PORTSMOUTH is ‘leading the way’ in its recruitment of reservists for the armed forces – and is a shining example to others.
That was the key message from reservists minister Julian Brazier during a visit to the city’s naval base yesterday.
It really is great that Portsmouth is setting an example. Naval reservist units have been hitting their targets throughout the country and it’s great to see HMS King Alfred doing really well.Reservists minister Julian Brazier
It comes after HMS King Alfred, a Royal Naval Reserve unit on Whale Island, revealed it has hit its latest recruitment targets.
And Mr Brazier dismissed critics who say the push to recruit more reservists is merely a bid to trim back on costs and get rid of full-time service personnel.
Speaking to The News, Mr Brazier said: ‘It really is great that Portsmouth is setting an example. Naval reservist units have been hitting their targets throughout the country and it’s great to see HMS King Alfred doing really well.
‘It’s fantastic there is a strong group of reservists here.
‘I must visit King Alfred soon but I hear a lot about it. Portsmouth is leading the way.’
Mr Brazier highlighted the importance of having a strong network of reservists – who normally have careers outside of the military – and said there was a need to ‘rebalance’ the mix of armed force members.
‘We are building the number of reservists back up to a level where they are still only making up 25 per cent of the armed forces, which is a smaller percentage compared with other generations,’ he said.
‘In 1914 when we went to war, the number in the regimental army was about 150,000 and the territorial forces had 250,000.’
He added: ‘It’s a very uncertain world. We don’t know what’s around the corner but we are almost spoilt for choice in terms of things that can go wrong – there is Putin on one side and Isil on the other. We cannot afford everything we would like to do in defence – but the way we can provide forces that activity and excellence is by having a large reserve contingency.’
As part of Mr Brazier’s visit, BAE Systems signed a revised Armed Forces Corporate Covenant on board HMS Iron Duke.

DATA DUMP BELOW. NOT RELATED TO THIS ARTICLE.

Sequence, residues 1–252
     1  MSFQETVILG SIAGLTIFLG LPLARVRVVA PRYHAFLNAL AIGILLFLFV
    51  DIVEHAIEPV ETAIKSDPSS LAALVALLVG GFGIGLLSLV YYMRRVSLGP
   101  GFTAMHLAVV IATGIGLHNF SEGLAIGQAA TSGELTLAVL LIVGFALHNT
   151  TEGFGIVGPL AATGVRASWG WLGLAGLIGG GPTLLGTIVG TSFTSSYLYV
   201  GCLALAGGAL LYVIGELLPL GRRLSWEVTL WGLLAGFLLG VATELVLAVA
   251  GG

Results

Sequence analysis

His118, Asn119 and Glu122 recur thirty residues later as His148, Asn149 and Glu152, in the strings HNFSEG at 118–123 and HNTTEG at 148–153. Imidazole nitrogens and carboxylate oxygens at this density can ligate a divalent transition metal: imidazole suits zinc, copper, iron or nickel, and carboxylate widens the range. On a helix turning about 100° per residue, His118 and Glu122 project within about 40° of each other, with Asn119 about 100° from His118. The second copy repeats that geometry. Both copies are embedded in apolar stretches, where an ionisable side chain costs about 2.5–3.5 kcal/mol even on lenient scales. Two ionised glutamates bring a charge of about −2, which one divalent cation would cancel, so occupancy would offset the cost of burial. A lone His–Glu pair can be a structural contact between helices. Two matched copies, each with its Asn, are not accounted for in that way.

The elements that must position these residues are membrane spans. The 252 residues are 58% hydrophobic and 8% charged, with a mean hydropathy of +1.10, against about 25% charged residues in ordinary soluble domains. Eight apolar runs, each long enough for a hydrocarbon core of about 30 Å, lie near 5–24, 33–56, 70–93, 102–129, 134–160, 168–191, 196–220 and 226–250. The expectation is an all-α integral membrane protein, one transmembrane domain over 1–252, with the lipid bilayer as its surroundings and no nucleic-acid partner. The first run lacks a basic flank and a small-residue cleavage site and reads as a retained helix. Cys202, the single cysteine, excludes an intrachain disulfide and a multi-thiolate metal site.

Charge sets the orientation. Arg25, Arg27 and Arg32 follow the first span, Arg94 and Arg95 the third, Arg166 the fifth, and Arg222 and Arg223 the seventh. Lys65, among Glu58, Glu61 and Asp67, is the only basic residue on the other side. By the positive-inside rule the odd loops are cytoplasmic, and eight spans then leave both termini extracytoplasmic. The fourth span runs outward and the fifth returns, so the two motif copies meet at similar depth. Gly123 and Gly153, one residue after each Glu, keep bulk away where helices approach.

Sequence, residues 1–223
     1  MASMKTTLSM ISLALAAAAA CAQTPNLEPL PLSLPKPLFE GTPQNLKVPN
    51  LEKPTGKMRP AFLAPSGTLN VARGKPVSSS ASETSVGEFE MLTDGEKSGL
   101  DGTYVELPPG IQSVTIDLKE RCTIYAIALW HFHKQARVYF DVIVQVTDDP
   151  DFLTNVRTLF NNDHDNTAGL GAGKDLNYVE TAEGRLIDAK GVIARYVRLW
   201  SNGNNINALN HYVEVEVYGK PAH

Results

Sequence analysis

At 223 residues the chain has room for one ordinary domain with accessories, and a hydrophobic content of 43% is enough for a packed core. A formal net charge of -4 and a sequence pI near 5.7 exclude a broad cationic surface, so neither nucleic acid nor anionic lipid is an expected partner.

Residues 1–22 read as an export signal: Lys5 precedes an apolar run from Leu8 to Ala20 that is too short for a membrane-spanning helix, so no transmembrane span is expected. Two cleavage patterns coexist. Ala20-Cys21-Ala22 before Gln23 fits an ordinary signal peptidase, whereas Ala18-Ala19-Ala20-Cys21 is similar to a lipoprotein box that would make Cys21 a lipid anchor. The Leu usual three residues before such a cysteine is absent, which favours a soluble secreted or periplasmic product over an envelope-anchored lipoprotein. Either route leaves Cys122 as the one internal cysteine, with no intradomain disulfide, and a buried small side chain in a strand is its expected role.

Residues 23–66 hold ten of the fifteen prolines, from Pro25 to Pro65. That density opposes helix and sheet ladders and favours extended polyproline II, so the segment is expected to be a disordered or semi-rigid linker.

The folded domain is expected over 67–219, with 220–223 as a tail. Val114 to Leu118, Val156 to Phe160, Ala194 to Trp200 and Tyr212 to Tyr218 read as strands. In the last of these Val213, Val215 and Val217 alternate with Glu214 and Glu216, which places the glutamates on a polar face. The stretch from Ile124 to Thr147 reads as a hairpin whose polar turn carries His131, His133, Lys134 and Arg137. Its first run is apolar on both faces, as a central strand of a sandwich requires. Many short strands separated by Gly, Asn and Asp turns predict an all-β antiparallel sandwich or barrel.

The agreement will see the company offer additional support to the families of reservists through and beyond their duties.
Nigel Whitehead, group managing director at BAE Systems said it had revised its HR policy to allow employees to join up.
‘We can’t tell people to become reservists, but as an employer we can create an environment to encourage people to do that,’ he said.
‘Excellent calibre’ students being recruited by city unit
COMMUNITY support towards the armed forces’ reservists has ‘never been stronger’ says the man in charge of Portsmouth’s growing reserves unit.
Commander Anthony Stickland, commanding officer of HMS King Alfred, said the facility is going from strength to strength.
‘At HMS King Alfred we’re delighted the energy we’ve put into our regional outreach and recruiting campaign is already yielding very positive results,’ he said.
‘We’ve seen significant growth of our own Portsmouth-based Royal Naval Reserve (RNR) unit, meeting our expansion targets as we move forward to build the force structure of the Future Reserves 2020 programme.
‘There has never been a better time to consider a part-time career in the RNR to support the work of the Royal Navy.
‘In the last year we’ve seen changes in legislation to benefit reservists and the increasing financial and social rewards of paid volunteer service.
‘Support from reservist employers and the local community has never been stronger, evident in the uptake of the regional Armed Forces Covenant agreements and improved employer engagement seen nationally.
‘As a result here at HMS King Alfred we are increasingly attracting professionals and students of excellent calibre from across the region, who we can train to become specialists in their chosen branch of the RNR.
‘We continue to deliver trained reservists to support military operations around the world and we will always welcome those who are looking for something more than an office-based life, to travel more and enjoy all the training, sporting and social benefits of life as part of a wider naval service.’
Meanwhile, reservists minister Julian Brazier had the opportunity to chat to reservists during his visit in Portsmouth.
Nikk Lovelock-Jeffels is a BAE Systems employee and a captain in the Royal Electrical and Mechanical Engineers.
He spent 11 months on deployment in Afghanistan and was also responsible for overseeing security procedures at the London 2012 Olympics.
Lieutenant Commander Karen Kristiansen RNR is in charge of eight cadet units across the south coast.
She said many go on to join the armed forces and others seek apprenticeships with companies such as BAE.
Speaking of the covenant signed by BAE, Mr Brazier said: ‘By providing further support for reservists, BAE Systems clearly recognises the skills and leadership qualities that they can bring to the work force, and I hope even more companies across the UK will be encouraged to get behind the covenant and support the armed forces.’